Anchor investment analyst Casey Delport said the simple answer at the end of the day was that, should Stage 16 come into effect and/or the grid would collapse, there wouldn’t be much of an economy to analyse.
“If the electricity grid in South Africa were to collapse, it would have significant and wide-ranging impacts on the country's economy that would be very difficult to quantify at this point,” Delport said.
According to Delport, should the grid collapse there were a few logical starting points which included the disruption of the industrial sector.
“The industrial sector heavily relies on a stable and consistent electricity supply. A grid collapse would naturally cause manufacturing plants, mines, and other industries to halt operations. This would result in reduced production, revenue loss, and potential layoffs that would further drive up unemployment,” she said.
Delport said business and investment confidence would be affected.
“A collapsed electricity grid would erode business confidence and further deter domestic and foreign investments. Companies require a reliable power supply to operate efficiently and sustain their operations. Uncertainty about electricity availability would make businesses hesitant to invest in South Africa, potentially leading to reduced economic growth - a trend in fact that we are already seeing,” Delport said.
She said there would be infrastructure damage, particularly if there were subsequent power surges or failures. Equipment, machinery, and electrical systems could be affected, leading to costly repairs and replacements.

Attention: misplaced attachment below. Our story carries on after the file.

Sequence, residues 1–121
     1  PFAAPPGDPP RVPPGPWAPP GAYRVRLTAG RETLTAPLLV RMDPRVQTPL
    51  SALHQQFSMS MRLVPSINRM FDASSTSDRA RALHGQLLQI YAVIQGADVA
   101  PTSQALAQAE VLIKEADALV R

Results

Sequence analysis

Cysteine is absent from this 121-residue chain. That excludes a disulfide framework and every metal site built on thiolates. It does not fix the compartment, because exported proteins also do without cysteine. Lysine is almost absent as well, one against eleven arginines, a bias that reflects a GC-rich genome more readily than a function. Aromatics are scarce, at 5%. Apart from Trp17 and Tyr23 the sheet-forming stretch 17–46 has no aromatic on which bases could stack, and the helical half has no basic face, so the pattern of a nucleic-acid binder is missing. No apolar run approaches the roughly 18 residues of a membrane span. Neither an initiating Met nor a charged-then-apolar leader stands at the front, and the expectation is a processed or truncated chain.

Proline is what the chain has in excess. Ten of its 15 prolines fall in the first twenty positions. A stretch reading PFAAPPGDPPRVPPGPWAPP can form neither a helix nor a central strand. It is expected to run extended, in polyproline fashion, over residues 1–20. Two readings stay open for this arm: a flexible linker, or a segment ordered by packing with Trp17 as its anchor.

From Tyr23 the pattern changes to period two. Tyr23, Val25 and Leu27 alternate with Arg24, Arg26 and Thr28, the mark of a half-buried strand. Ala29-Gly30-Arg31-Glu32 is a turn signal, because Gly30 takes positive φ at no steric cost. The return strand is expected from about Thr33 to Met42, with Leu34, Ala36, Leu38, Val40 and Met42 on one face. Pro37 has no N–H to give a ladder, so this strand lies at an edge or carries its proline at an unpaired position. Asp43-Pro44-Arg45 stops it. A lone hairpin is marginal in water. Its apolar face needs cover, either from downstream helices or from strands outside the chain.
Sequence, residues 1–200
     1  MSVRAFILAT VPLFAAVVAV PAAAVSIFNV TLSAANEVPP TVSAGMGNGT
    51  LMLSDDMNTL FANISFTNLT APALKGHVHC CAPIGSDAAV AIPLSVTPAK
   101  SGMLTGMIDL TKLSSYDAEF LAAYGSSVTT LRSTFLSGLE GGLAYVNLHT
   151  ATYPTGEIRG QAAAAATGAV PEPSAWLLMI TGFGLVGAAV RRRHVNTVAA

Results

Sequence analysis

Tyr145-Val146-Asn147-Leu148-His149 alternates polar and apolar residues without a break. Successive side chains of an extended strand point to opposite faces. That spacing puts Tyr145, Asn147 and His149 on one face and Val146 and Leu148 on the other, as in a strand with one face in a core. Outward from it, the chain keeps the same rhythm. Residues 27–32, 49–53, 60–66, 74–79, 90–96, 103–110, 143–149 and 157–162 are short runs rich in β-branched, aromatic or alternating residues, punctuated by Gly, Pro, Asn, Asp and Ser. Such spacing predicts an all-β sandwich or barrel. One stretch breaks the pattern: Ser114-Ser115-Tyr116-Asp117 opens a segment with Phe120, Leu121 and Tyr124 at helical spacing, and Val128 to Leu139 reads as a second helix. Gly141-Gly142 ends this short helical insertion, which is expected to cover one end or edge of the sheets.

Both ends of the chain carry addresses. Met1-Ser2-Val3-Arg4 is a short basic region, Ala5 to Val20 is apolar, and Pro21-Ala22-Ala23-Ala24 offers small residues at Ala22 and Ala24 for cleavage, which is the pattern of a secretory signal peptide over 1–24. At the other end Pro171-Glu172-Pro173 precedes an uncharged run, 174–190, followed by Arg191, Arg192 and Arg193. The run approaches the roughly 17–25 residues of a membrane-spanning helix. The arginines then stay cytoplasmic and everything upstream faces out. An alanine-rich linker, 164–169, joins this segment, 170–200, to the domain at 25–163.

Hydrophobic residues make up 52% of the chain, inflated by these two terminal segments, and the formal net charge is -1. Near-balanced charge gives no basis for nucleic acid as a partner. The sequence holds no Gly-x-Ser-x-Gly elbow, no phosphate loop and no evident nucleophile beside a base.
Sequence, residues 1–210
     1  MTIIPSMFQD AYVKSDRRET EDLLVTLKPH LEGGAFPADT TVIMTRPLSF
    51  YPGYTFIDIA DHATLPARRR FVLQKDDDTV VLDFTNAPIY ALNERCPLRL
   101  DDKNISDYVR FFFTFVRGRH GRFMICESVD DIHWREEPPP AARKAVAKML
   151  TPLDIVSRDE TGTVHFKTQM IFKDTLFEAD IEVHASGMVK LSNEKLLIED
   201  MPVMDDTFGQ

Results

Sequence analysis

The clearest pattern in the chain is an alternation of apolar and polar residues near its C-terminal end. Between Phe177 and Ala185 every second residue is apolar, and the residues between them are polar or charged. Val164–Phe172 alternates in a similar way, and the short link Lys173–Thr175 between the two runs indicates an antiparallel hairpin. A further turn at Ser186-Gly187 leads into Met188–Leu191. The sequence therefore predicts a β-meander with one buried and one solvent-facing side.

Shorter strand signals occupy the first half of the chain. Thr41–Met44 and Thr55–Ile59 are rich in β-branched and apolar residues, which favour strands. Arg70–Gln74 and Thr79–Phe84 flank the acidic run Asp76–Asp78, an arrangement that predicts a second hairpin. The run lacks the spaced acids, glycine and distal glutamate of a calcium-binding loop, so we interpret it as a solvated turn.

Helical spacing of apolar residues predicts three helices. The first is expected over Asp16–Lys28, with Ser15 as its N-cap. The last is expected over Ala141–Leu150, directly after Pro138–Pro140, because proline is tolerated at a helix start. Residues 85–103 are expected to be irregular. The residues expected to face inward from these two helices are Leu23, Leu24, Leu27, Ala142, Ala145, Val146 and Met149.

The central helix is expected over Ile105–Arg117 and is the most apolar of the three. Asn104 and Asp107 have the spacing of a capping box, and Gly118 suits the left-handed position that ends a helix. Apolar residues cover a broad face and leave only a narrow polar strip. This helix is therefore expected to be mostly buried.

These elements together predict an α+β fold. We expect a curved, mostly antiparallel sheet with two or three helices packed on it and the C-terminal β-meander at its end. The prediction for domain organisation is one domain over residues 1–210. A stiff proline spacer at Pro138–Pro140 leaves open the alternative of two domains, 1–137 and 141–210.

“Service sector disruption would happen. The service sector, including banking, telecommunications, healthcare, and transportation, heavily relies on electricity for their daily operations. If the grid collapses, these services would be severely impacted, causing disruptions in essential services, financial transactions, and communication networks," she said.
According to Delport, there would be a loss of productivity as power outages would disrupt the productivity of individuals and businesses, resulting in economic losses.
Offices, schools, and households would struggle to function effectively, leading to reduced output and economic activity, this in turn, would lead to serious, long-term structural issues for the economy as a whole.
“During power outages, alternative sources of energy such as generators or imported fuel would need to be utilised, increasing costs for both businesses and consumers. This increased expenditure could strain household budgets, reduce discretionary spending, and negatively impact consumer demand.
“There would be unemployment and social impact. One of the most obvious points, and particularly concerning for SA, is that an economic downturn due to a collapsed electricity grid could lead to job losses and increased unemployment. This could result in increased social challenges such as poverty, crime, and social unrest, exacerbating the economic situation,” she said.
Delport said all of these points would weaken the overall economy significantly.
“In terms of more immediate scenarios, if Eskom institutes the proposed Stage 16, that would simply serve to worsen the already poor international investor sentiment around SA.,” she said.